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Discuss the view that the modern family is becoming more diverse

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Catherine Sweeney "Discuss the view that the modern family is becoming more diverse" For many years society's conception of a normal family consisted of a man and women living together, who are married and having sexual relations. Having produced children together, or having adopted children, this being known as a nuclear family and was claimed as a vital unit in British society. The father would take on the role as the breadwinner; going out to work and providing for his family and the mother's role would be to look after the home, childcare and the domestic chores. The family has often been observed as the cornerstone of society. In the past, present and in all society, it has been seen as the basic unit of social organisation that carries out important roles, such as primary socialisation. The process being that children learn the social norm of their society. This took place in their younger years making the family an important factor of the child's personality. Then there is the personality stabilization which refers to the role that the family play in the process of being able to assist adult family members of emotional support including the sexual assertion, connected to marriage. It was argued by Talbot Parsons (1949) that there are two primary functions within a family, these being irreducible and basic this being the primary socialisation and stabilisation of the mature personality as an adult. ...read more.


Behavioural problems really manifest from an absent father though? Rodger (1996) looked at many various options. The key not being that of an absent father but if they have an active role in a child's upbringing. This also applies to single and nuclear family. Children in single parent families may be disturbed and cause behavioural problems because of the emotional disruption caused by separation and divorce. Finally, we have the gay couple family which is a relationship formed between two same sex persons, with a biological child / children. In 2004 the UK's Civil Partnership Act came into force now allowing civil partnerships between and lesbian and gay couples. The gay couple has also been known as "families of choice" to represent the positive forms of every day life that homosexual couples are able to conduct together that wasn't available in earlier years. The many traditional attributes applied to the nuclear family are now being resumed by gay couples. For many people, the family unit provides comfort, love, security, emotion and companionship. Yet it can also be regarded as loneliness, exploitation and inequality. If the current incline over the last half a century remain, then parents of the future will no longer marry and have less children. The number of children in non-married families has trebled in the last 50 years to around 40%, according to figures from the Office for National Statistics, while the average number of children has decreased from 2.2 to 1.8 per family - which are continuing increasingly rapidly in societies' future. ...read more.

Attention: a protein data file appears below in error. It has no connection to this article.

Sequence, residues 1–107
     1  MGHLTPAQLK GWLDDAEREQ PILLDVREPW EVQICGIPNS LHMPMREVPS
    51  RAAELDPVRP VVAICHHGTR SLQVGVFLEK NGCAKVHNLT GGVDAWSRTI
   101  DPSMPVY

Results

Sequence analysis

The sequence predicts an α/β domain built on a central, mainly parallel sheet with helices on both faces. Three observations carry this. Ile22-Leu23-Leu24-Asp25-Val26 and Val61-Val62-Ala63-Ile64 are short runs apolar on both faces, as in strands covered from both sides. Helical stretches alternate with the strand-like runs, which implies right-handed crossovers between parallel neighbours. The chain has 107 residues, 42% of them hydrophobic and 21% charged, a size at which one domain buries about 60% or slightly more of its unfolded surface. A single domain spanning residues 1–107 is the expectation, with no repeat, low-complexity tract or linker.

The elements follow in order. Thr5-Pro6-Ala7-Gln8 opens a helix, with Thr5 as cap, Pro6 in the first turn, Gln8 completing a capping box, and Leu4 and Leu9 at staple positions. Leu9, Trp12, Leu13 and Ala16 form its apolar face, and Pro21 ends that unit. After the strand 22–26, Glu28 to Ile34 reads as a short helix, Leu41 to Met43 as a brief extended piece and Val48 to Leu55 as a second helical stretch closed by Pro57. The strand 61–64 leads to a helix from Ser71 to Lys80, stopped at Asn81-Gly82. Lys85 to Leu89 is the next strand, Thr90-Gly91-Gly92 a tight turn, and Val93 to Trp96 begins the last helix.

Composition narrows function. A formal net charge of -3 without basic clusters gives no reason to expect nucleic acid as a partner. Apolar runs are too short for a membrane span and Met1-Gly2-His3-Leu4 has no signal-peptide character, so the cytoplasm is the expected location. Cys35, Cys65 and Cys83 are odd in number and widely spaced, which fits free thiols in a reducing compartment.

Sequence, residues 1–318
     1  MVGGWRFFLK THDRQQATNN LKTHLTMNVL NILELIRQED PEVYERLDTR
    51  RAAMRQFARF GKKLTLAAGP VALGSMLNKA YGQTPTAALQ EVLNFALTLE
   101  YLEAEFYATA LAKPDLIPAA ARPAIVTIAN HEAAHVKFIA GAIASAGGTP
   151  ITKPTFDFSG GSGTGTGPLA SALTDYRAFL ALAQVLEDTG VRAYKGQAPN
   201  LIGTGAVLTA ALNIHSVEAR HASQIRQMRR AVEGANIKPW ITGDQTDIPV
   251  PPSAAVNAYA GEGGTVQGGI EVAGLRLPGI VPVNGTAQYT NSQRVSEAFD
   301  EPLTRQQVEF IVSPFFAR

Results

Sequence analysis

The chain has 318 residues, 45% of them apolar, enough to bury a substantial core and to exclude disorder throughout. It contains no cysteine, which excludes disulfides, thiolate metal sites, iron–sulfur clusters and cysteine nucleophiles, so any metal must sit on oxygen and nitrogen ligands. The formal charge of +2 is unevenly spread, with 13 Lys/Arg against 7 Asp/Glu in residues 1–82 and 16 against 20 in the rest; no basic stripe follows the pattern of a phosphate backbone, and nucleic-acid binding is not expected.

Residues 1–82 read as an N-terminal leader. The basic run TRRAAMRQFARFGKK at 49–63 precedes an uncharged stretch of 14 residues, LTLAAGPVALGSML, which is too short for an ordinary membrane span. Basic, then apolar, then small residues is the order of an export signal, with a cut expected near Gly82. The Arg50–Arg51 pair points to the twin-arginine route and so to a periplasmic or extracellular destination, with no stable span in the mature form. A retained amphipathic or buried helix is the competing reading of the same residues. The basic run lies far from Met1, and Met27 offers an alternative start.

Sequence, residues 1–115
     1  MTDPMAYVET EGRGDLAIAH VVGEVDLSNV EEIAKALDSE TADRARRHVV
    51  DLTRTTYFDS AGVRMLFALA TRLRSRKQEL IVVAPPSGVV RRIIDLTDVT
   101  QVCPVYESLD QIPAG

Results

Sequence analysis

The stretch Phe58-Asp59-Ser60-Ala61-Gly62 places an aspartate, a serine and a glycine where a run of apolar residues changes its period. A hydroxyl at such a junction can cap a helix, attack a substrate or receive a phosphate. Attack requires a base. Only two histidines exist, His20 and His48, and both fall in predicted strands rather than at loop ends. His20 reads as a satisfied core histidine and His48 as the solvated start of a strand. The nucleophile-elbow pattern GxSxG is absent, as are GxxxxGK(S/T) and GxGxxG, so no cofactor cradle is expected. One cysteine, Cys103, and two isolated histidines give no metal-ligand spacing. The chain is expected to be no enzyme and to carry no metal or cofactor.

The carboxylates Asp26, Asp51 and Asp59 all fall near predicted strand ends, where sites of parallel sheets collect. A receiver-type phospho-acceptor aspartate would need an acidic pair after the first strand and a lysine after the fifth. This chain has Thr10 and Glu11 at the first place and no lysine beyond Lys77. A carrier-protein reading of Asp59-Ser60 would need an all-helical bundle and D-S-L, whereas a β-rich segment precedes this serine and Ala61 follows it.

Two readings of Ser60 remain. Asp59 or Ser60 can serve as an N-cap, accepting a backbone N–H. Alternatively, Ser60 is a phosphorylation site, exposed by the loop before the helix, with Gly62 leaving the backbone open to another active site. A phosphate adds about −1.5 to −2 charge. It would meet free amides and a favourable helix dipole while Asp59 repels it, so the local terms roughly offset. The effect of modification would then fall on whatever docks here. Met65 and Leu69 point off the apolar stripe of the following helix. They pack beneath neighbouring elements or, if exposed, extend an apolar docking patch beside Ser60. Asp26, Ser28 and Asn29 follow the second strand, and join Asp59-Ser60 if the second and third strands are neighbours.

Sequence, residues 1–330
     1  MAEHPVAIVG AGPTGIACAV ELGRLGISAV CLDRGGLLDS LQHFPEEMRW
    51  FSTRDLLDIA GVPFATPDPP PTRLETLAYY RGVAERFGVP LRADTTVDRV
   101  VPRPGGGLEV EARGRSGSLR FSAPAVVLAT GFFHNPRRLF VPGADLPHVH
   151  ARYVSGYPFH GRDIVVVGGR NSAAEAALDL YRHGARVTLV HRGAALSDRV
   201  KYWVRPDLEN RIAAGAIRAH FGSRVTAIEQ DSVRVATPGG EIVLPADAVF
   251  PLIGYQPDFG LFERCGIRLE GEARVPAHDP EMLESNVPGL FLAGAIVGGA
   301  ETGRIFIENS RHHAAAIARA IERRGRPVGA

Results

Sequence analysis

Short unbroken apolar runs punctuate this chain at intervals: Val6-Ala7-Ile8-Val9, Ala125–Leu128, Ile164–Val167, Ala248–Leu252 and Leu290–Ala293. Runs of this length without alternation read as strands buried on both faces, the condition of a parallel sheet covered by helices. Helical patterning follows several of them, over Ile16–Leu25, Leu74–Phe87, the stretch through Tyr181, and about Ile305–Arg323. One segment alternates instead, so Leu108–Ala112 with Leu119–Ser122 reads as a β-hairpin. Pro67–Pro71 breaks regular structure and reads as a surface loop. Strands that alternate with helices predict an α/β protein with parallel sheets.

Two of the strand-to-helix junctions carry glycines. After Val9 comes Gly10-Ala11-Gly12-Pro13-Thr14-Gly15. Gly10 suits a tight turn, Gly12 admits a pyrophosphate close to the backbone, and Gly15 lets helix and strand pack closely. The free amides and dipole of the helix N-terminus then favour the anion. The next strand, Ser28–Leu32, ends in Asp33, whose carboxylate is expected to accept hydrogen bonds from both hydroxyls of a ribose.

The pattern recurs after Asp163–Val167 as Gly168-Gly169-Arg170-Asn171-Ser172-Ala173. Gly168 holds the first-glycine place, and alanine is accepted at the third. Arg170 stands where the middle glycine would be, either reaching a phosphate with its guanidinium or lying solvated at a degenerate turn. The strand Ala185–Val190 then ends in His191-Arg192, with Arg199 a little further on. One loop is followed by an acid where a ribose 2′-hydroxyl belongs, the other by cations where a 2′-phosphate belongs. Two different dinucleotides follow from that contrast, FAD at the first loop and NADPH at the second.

Hammersmith: HarperCollins Publishers Limited. Laslett, T. P. R. and Wall, R. (1972) (eds.), Household and Family in Past Time (Cambridge: Cambridge University Press) as cited in Fulcher, J. and Scott, J., 2003. Sociology. 2nd Edition. United States: Oxford University Press Inc. O'Day, R. (1994), The Family and Family Relationships 1500-1900: England, France and the United States of America (Basingstoke: Macmillan) as cited in Fulcher, J. and Scott, J., 2003. Sociology. 2nd Edition. United States: Oxford University Press Inc. Parsons, T, 'The Family its Function and Destiny', in R N Ansden (ed.), The Social Structure of the Family, Harper and Row, 1949 as cited in Introduction to O'Donnell, M., 1997. Introduction to Sociology. 4th Edition. Surrey: Thomas Nelson & Sons Ltd. Petre, J. (2006): Majority of births will soon be out of wedlock', Telegraph, http://www.telegraph.co.uk/global/main.jhtml?xml=/global/2006/02/21/ntrend21.xml Rodger, J.J. (1996), Family Life and Social Control (Houndmills: macmillan) as cited in Fulcher, J. and Scott, J., 2003. Sociology. 2nd Edition. United States: Oxford University Press Inc. Wilkinson, Helen and Geoff Mulgan (1995): Freedom's Children: Work, Relationships and Politics for 18-34 year olds in Britain Today (London: Demos) as cited in Giddens, A., 2001. Sociology. 4th Edition. Cambridge: Polity Press in association with Blackwell Publishers Ltd. Womack, S. (2004): Number of babies born out of wedlock rises to 41 per cent', telegraph, http://www.telegraph.co.uk/global/main.jhtml?xml=/global/2004/05/17/brwed14.xml Young, M. And Willmott, P. (1957), Family and Kinship in East London (London: Routledge & Kegan Paul) as cited in Fulcher, J. and Scott, J., 2003. Sociology. 2nd Edition. United States: Oxford University Press Inc. ?? ?? ?? ?? 1 ...read more.

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